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My Studio Macro Rig, A Project and Work in Progress
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Pau
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Joined: 20 Jan 2010
Posts: 4842
Location: Valencia, Spain

PostPosted: Tue May 08, 2012 10:22 am    Post subject: Reply with quote

Rylee Isitt wrote:
I've been looking for a good copy stand for nearly two years

Rylee,
Perhaps you don't need an of the shelf stand, there are many approaches to do this work posted in this fora (as you probably know)
A very good compilation:
http://www.photomacrography.net/forum/viewtopic.php?t=7298
don't miss the links inside this thread
http://www.photomacrography.net/forum/viewtopic.php?p=55311#55311

About the vibrations if the camera and subject are rigidily clamped there are more chances to suffer camera induced vibration
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Rylee Isitt



Joined: 13 Apr 2012
Posts: 475
Location: Canada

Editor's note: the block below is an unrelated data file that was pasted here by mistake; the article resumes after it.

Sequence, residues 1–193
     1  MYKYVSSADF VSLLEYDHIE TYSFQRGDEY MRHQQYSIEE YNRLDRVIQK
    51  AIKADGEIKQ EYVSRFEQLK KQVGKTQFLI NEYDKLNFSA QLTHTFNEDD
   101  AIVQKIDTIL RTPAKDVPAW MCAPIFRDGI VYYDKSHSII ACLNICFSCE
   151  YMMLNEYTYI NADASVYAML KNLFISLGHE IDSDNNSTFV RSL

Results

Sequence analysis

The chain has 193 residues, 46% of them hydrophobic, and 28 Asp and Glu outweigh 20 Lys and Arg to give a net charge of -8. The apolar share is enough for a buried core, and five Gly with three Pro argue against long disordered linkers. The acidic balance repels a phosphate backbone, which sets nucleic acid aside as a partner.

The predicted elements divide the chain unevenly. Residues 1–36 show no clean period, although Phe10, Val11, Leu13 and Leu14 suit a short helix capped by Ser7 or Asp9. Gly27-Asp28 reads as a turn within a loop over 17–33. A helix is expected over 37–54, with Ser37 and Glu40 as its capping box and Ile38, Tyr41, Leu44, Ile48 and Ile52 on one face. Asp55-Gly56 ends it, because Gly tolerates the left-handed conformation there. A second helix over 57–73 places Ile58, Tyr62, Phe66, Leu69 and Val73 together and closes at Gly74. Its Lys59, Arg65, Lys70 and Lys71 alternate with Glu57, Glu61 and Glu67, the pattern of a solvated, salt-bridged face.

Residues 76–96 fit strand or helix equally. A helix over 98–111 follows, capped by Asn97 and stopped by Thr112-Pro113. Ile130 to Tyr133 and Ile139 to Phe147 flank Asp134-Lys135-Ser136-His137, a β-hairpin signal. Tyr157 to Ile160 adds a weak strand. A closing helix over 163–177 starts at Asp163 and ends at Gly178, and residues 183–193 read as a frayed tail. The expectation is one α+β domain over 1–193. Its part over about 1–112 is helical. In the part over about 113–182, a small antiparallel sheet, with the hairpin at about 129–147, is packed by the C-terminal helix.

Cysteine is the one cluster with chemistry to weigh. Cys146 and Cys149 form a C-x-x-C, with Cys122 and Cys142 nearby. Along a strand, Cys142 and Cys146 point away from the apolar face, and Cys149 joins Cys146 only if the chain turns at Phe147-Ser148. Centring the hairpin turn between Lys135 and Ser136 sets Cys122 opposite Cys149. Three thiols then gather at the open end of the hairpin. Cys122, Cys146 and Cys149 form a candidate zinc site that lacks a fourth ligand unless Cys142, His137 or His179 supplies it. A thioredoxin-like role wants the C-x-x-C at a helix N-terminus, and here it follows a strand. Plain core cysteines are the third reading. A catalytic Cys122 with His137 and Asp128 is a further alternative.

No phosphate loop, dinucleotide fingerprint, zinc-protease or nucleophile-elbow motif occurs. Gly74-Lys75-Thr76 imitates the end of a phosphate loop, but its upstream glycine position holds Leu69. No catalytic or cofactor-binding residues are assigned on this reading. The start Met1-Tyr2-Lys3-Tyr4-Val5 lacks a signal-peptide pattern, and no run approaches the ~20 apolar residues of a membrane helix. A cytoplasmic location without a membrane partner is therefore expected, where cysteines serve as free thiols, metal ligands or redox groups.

PostPosted: Tue May 08, 2012 10:34 am    Post subject: Reply with quote

NikonUser's setup is similar to what I might end up doing with long Arca rails.

But at the moment, I'm working on something more similar to Charles Krebs' free-standing setup. It's an approach that can start humble and be built up if needed.

A off the shelf stand is just a nice-to-have. I'll keep looking, but not finding it isn't going to be a huge deal.
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psychoanalyst_god



Joined: 18 Apr 2010
Posts: 23
Location: Atlanta, GA, USA

PostPosted: Fri May 11, 2012 6:52 am    Post subject: Reply with quote

Craig Gerard wrote:
Avi wrote:
But I can't seem to find 1/4-20 male-male adapters.
Are you referring to these? (they are available in various lengths)
http://www.ebay.com/itm/300699439935

There is also this option but you will require an additional AS clamp with the long shaft: (check the depth on the 1/4-20 holes on the 430. Some models have shallow holes and require a shorter bolt than those supplied with the adapter).
http://www.ebay.com/itm/330661487331

One of these bidirectional AS plates work well with the PB-4 (the ridge prevents 'twist'):
http://www.ebay.com/itm/230721489879


Craig


Hi Craig,

Thanks!

So I would essentially need the two parts above (the adapter and the AS plate) as well as an AS clamp?

So it would be (top to bottom): PB4-AS plate-AS clamp-newport adapter-Newport430?